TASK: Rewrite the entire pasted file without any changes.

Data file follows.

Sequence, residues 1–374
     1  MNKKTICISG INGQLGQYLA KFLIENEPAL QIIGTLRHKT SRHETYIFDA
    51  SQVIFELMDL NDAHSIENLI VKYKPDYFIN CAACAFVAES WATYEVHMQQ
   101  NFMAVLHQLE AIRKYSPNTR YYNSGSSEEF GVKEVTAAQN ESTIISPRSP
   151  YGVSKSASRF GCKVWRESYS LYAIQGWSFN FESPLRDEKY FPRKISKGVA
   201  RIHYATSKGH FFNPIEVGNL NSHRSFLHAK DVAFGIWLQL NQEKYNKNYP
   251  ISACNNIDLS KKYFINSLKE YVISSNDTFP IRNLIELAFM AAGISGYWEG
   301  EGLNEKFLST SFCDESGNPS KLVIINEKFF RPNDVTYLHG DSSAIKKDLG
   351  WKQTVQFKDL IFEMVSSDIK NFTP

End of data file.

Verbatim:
Sequence, residues 1–374
     1  MNKKTICISG INGQLGQYLA KFLIENEPAL QIIGTLRHKT SRHETYIFDA
    51  SQVIFELMDL NDAHSIENLI VKYKPDYFIN CAACAFVAES WATYEVHMQQ
   101  NFMAVLHQLE AIRKYSPNTR YYNSGSSEEF GVKEVTAAQN ESTIISPRSP
   151  YGVSKSASRF GCKVWRESYS LYAIQGWSFN FESPLRDEKY FPRKISKGVA
   201  RIHYATSKGH FFNPIEVGNL NSHRSFLHAK DVAFGIWLQL NQEKYNKNYP
   251  ISACNNIDLS KKYFINSLKE YVISSNDTFP IRNLIELAFM AAGISGYWEG
   301  EGLNEKFLST SFCDESGNPS KLVIINEKFF RPNDVTYLHG DSSAIKKDLG
   351  WKQTVQFKDL IFEMVSSDIK NFTP